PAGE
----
Abstract class in Java

1. Introduction

A class that is declared with an abstract keyword is known as Abstract Class. It is used to achieve a certain level of abstraction.

An abstract class provides partial abstraction, whereas an interface provides full abstraction.

2. Creating an Abstract Class

To create an Abstract class, it must be declared as abstract. An abstract class may or may not contain the abstract method (a method without a body). An abstract class can have data member, abstract method, non-abstract method, constructor and even the main() method.

2.1 Example

In the above snippet, we have three classes, where Bicycle is an abstract class, Phoenix is the subclass which extends the Bicycle interface, and AbstractExample class is used to instantiate the Bicycle class.

Running the above Java application, below is the output that we see –

3. Why Abstract classes?

Below are some of the good reasons why we need abstract classes –

  • It provides a useful way to create a generic type, with common/default implementations for some of the method/behaviors, that can be used as a superclass for many subclasses.
  • It saves time and allows overriding.
  • When we want to create an abstract class, which only defines a generalized form that will be shared by all of its subclasses, leaving it to each class to implement it according to the requirements.
  • It is used when superclass is unable to create a meaningful implementation for methods, so it can declare the methods as abstract.

3.1 Yet another abstract class scenario

Assume Shape as an abstract class. Now in Shape thousands different shapes exist and each shape has different areas and sizes. So let’s declare area() as an abstract method in it as – abstract float area().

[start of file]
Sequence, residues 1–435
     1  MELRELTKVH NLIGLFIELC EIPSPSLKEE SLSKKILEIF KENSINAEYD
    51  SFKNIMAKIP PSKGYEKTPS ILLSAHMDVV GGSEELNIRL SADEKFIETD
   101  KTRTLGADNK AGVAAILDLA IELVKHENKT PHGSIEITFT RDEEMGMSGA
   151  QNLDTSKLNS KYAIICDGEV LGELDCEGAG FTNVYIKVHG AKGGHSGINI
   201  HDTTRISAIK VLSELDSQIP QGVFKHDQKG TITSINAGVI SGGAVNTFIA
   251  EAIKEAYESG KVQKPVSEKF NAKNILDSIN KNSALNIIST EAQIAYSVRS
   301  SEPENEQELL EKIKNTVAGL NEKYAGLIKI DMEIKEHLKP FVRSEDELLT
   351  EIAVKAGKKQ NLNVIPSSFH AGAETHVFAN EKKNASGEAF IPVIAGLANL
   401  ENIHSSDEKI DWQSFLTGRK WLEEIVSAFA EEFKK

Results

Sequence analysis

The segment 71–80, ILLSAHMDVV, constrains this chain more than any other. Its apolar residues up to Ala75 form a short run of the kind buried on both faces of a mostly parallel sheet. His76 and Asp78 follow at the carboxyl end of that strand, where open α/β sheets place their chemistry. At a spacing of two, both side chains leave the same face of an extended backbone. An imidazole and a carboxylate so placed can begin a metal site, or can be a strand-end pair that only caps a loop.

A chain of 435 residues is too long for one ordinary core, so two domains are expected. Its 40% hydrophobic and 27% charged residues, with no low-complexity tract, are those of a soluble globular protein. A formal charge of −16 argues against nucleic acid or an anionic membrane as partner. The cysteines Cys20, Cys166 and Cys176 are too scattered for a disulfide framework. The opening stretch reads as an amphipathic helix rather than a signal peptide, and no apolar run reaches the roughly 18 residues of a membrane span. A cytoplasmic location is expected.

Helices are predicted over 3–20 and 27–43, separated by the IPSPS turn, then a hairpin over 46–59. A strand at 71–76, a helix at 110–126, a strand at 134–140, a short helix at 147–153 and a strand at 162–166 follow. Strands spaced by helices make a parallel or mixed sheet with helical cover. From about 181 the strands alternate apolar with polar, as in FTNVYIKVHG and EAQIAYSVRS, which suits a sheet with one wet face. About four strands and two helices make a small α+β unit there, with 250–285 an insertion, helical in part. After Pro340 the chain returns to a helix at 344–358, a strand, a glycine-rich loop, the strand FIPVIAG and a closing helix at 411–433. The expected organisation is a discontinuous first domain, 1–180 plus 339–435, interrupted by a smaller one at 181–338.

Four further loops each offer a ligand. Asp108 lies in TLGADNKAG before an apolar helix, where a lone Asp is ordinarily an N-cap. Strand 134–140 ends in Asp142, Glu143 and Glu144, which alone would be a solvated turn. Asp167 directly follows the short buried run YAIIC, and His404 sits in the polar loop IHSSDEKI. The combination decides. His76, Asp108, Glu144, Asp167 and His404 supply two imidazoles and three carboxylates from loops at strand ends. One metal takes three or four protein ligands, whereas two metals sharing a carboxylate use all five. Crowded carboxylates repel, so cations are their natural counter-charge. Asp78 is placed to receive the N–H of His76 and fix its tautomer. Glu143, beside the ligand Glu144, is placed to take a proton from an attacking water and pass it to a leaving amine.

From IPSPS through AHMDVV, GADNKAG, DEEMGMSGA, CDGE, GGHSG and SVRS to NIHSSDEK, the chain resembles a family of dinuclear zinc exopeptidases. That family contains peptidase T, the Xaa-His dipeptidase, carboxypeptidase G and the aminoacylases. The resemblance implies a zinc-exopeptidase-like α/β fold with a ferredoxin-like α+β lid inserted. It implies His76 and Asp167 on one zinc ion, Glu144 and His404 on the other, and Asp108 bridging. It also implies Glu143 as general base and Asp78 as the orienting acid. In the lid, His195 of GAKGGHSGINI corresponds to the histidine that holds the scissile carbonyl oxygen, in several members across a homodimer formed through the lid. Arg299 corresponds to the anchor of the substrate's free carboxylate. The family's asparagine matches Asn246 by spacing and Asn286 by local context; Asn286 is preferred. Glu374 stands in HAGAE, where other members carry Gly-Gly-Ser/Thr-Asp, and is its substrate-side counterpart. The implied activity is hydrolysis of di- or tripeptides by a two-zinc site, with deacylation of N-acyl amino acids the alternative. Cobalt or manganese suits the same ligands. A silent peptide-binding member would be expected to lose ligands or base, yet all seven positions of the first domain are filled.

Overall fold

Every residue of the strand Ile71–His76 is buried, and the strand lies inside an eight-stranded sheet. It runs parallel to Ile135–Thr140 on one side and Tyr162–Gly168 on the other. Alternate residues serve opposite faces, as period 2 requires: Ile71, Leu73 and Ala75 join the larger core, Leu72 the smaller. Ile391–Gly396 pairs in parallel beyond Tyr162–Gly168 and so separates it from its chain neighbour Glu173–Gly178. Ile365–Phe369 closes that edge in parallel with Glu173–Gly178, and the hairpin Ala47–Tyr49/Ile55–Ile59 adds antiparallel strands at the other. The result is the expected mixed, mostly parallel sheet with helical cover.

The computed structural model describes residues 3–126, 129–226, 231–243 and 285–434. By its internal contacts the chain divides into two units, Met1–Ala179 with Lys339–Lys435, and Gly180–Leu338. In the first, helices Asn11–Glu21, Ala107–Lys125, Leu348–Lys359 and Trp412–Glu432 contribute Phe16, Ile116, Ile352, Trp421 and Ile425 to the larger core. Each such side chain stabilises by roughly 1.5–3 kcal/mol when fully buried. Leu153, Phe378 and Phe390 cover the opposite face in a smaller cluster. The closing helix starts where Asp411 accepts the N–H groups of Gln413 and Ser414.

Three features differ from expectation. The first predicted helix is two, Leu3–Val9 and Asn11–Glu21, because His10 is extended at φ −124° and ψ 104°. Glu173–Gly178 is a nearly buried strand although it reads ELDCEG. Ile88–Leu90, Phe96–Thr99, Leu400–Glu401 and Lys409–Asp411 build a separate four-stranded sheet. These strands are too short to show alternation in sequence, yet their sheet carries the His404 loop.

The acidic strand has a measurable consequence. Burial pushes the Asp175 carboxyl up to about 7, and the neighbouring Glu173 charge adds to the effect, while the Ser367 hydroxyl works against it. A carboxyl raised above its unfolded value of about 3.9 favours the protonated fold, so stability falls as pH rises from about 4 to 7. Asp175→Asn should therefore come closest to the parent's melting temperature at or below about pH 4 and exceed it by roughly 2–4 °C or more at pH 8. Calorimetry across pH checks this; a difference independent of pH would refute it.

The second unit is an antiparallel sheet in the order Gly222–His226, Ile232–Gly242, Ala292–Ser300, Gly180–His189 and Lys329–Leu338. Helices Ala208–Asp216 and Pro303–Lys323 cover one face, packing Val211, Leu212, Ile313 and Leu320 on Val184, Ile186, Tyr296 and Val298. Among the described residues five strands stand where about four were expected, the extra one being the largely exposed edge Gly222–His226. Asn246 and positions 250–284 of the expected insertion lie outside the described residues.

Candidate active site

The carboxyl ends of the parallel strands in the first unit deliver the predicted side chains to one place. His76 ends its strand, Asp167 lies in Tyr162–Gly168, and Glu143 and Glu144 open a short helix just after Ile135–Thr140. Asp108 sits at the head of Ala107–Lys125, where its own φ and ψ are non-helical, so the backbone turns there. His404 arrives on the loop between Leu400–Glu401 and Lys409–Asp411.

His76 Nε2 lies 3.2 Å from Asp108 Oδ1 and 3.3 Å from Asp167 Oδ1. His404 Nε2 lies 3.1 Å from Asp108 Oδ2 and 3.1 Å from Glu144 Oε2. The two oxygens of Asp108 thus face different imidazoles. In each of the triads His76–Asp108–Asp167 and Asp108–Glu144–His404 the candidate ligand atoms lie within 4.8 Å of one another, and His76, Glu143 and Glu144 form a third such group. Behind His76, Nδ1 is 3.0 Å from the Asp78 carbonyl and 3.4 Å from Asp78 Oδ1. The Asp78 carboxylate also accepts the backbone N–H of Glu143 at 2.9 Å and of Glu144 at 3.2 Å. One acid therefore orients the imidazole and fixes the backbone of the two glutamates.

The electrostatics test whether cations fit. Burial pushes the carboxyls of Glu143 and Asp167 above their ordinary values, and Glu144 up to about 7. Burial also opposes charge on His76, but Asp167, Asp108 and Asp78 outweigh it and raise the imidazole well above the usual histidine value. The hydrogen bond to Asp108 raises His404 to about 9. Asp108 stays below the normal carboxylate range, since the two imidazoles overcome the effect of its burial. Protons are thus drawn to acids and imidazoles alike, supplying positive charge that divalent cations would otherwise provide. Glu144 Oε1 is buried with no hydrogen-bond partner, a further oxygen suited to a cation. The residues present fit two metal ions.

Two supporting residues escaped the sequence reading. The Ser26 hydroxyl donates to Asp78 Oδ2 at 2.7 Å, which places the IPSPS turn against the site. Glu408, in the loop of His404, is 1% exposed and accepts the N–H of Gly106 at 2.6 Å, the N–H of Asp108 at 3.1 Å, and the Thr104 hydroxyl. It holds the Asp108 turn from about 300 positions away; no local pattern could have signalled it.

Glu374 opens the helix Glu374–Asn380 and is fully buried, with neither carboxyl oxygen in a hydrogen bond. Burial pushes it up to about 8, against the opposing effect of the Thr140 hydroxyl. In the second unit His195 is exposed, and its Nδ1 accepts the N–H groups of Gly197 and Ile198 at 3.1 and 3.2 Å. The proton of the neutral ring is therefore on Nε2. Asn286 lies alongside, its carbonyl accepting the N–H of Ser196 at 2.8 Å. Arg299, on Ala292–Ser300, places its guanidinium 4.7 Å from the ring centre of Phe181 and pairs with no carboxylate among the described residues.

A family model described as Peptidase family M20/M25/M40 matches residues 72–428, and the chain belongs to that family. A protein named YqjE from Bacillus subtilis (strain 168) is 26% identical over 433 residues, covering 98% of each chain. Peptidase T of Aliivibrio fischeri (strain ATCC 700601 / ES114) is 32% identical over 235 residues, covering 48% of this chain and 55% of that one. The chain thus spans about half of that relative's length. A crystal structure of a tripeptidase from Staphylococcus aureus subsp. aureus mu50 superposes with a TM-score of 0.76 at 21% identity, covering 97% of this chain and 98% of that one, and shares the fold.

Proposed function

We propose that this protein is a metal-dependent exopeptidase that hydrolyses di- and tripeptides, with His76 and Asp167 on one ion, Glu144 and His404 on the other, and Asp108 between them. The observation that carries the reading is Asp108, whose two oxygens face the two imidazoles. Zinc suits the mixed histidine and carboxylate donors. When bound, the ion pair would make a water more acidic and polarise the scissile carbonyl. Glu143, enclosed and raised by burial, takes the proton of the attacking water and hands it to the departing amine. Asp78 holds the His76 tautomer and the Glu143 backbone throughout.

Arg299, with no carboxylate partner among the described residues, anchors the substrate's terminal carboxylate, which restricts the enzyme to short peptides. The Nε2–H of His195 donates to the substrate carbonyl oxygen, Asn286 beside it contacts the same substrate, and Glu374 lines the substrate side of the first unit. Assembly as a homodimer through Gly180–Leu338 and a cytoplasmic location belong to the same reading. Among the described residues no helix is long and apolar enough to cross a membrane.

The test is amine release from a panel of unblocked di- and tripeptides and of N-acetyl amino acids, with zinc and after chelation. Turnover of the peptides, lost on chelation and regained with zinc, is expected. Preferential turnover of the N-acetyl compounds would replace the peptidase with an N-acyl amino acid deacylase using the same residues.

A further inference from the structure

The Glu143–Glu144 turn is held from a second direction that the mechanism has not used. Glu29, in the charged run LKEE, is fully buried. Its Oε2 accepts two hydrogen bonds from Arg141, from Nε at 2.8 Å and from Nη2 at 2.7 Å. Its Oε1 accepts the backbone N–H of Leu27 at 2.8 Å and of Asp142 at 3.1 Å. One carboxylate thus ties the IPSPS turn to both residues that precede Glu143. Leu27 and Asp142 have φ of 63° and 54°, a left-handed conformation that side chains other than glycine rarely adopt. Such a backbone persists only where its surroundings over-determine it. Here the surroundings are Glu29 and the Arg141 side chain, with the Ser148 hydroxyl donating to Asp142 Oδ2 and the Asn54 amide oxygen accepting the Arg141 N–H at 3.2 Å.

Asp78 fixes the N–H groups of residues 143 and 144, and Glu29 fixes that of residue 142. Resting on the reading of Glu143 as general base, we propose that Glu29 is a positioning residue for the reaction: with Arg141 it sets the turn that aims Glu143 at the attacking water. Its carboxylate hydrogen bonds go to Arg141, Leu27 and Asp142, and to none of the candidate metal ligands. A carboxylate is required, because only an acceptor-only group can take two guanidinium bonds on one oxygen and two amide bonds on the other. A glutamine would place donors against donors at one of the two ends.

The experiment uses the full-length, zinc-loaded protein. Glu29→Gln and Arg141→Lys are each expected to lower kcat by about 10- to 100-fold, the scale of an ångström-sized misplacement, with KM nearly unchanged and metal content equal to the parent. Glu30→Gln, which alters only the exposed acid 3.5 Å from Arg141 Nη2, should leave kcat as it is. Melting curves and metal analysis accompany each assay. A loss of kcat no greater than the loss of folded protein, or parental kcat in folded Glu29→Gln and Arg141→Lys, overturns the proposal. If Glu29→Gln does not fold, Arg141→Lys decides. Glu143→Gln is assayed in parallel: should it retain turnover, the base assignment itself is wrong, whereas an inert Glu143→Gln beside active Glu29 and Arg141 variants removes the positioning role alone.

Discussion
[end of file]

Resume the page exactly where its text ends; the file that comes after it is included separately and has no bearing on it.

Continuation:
If we want to calculate areas of three different shapes (Triangle, Oval, Circle) then we create three subclasses for different shapes (Triangle, Oval, Circle) and extend the abstract class Shape in each of the subclasses, and individually provide an implementation to the area() method. Now we need to create objects in the main() method to call the subclass methods.

4. Can we instantiate abstract classes?

An abstract class, similar to interfaces, cannot be directly instantiated with the new operator. There would be no objects of an abstract class and such objects are also useless because an abstract class is not fully defined/complete. However we can create an abstract class reference and make it point to one of its subclass instance, very much similar to an interface (Section 2.1).

5. When to use abstract classes over interfaces?

Particularly when we need a part of the class to be implemented. The best example that can be used is the template method pattern. In Template design pattern, there is an abstract class that exposes a defined way to execute its methods, similar to the below snippet.

Thus, you can define the steps that will be taken when Do() is called, without knowing the specifics of how they will be implemented. Deriving classes must implement the abstract methods, but not the Do() method.

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